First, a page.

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Woodbury, I. B. (Issac Baker), 1819-1858 (ed.) / The new lute of Zion: a collection of sacred music, designed for the use of congregations generally, but more especially the Methodist Episcopal Church
(c1856)

Chants,   pp. [312]-315


Page 315

V H A N T S--onclude 
No. 1    " 0Cou, TA IngIas.""  From Pwneer., 
A - 
1. come, e sinners, poor and needy, 
Weal and wounded, I sick and j sore; 
Jesus ready stands to save you, 
Full of I pity, I love, and I power: 
He is able, 
He is I willing: I doubt no I more. 
2. Now, ye needy, come and welcome; 
God's free bounty j glori- I fy; 
True belief and true repentance,- 
Every Irace that I brings you I nigh,- 
Come    ithout money, 
Come to I Jesus I Christ and I buy. 
8. Let no eonscienee make you linger: 
Nor of fitness j fondly I dream: 
All the fitness he requireth 
Is to I feel your I need of him: 
This he gives you,- 
e'Ti the J Spirit's I glimmering 1 beam. 
4, Come, ye weary, heavy-laden, 
Bruised and mangled I by the I fall; 
If you tarry till you're better, 
You will I never f come at 4 all; 
ot the righteous,- 
ners ]Jesus I came to I call 
0"4 metre of 6 lines ray be sung to this chese 
5. Ago*izing   the garden,   x 
Your Redeemer I prostrate I lies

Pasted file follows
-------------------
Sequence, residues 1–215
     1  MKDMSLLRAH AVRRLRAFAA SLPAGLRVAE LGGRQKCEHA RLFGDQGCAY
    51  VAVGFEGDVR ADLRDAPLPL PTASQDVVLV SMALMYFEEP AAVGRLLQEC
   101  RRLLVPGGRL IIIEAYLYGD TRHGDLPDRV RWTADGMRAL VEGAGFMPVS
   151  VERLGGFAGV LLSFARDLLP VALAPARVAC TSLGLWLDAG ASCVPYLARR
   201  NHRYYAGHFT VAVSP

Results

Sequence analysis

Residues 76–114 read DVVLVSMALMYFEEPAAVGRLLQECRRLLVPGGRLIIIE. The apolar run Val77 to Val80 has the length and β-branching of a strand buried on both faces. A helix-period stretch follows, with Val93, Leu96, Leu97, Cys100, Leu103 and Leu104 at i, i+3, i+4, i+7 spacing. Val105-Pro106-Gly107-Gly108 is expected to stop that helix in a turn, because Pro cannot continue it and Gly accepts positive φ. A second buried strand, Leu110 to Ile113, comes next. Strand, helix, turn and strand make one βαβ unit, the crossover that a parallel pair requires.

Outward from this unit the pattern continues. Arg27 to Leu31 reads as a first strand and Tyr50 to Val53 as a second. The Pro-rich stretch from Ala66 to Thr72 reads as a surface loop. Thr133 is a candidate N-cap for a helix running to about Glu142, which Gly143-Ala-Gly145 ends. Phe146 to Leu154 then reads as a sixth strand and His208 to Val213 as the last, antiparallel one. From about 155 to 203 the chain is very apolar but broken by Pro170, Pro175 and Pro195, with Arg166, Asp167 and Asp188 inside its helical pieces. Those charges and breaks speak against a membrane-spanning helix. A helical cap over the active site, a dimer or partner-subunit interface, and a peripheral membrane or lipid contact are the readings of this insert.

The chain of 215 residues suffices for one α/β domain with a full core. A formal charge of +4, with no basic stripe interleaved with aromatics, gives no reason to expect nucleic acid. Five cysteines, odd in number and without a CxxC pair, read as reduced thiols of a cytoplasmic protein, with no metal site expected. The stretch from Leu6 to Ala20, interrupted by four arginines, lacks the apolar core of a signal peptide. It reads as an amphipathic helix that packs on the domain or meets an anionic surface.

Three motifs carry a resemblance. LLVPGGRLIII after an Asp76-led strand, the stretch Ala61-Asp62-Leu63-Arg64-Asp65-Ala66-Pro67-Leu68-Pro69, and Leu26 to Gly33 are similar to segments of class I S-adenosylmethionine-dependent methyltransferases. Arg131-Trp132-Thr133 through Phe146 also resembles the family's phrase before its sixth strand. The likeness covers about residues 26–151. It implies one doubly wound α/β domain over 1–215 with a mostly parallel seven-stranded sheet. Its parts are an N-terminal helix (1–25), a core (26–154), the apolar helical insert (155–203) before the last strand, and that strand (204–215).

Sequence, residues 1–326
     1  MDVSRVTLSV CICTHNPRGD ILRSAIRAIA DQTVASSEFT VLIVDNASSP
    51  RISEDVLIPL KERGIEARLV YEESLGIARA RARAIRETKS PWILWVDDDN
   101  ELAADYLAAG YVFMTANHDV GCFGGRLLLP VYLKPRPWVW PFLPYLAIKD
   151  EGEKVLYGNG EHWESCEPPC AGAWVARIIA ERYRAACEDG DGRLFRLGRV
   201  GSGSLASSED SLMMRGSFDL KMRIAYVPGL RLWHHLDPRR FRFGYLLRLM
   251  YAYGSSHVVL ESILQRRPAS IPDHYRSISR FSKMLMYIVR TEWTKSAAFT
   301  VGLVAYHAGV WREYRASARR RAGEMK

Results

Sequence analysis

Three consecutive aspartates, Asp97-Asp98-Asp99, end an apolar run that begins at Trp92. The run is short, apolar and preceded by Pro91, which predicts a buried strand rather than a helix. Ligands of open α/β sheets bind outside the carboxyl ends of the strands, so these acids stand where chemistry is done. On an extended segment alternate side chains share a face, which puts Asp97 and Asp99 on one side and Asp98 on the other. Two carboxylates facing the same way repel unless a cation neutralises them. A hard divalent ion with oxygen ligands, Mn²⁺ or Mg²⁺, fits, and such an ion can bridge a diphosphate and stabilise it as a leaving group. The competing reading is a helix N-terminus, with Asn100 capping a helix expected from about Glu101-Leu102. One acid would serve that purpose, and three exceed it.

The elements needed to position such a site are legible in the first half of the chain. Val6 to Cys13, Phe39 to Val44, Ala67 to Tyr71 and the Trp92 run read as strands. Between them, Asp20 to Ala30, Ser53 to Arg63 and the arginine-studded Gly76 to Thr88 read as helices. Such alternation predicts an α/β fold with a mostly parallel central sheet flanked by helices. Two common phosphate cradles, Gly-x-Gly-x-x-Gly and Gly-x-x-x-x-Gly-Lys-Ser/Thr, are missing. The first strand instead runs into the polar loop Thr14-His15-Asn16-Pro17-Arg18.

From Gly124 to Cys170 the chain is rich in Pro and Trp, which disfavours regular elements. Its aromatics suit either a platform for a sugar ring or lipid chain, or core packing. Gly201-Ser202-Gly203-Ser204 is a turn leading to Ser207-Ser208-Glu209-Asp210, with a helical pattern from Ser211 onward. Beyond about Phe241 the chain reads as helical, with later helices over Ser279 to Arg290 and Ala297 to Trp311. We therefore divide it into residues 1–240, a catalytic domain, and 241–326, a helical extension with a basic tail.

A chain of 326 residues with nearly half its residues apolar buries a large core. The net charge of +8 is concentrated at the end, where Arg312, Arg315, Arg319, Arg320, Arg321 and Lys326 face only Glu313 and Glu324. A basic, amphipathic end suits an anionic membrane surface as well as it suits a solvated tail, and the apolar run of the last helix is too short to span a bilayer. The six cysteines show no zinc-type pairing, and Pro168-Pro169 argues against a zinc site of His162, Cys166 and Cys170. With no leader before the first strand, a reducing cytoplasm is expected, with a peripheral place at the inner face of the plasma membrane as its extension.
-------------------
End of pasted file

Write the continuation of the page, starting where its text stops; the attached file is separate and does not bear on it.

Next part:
On the bloody tree behold him I 
Hear i     cry, be- I fore he  dies 
It is finished I 
Sinners, I will not Ithis suf. fleet 
6. Lo I th'inearnate God, ascending, 
Pleads the merit I of his I blood: 
Venture on him,-venture freely; 
Let no I other I trust i. I trude: 
None but Jesus 
Can do I helpless I sinners I good. 
7. Saints and angels, joined in concert, 
Sing the praises I of the J Lamb; 
While the blissful seats of heaven 
Sweetly I echo I with his I name: 
Hallelujah I 
Sinners I here may I do the I same. 
1. There is a calm for I those who I weep, 
A rest for weary Ipilgrims I found: 
They softly lie, and  sweetly I sleep 
Low in the I grouni. 
t. The storm that wrecks the I winter I sky, 
No more disturbs their I deep re- pose, 
Than summer evening's I latest I sigh, 
That shuts the I rose. 
Thou traveler in, the I vale of I teers, 
To realms of ever- I lasting I'light, 
Through time's dark wilder- I ness of years 
Pursue thy I flight. 
4. Whate'er thy lot, where- I e'er thou I be, 
Confess thy folly- I kiss the I rod; 
And in thy chastening I sorrows I see 
The hand of I God. 
a. Though long of winds and I waves tl Isport, 
Condemned in wretched- j ness to roam, 
Thou soon shalt reach a j sheltering I port, 
A quiet I home. 
1. Out of the depths have I cried unto I thee, 0 1 Lord. 
Lord, hear my voice; let thine ears be attentive to 
the I voice of..my I supplW I cations. 
2. If thou, Lord, shouldet mark iniquities, 0 Lord, 
who shall I stand. But there is forgivene with 
thee, That /thou- I mayest be I feared. 
2. I wait for the Lord, my soul doth wait, and i6 his I 
word..do I I hope. M, soul waiteth for the Lord 
more than they that watch for the morning, I 
say, I. more than..they that I waich..for the I 
morning. 
4. Let Israel hope in the Lord, for with the Lord there 
is mercy, and with him Is- pleniteos..re- I demp. 
tion. And he shall redeem Irael from I all- j his 
i- I quis, 
315 


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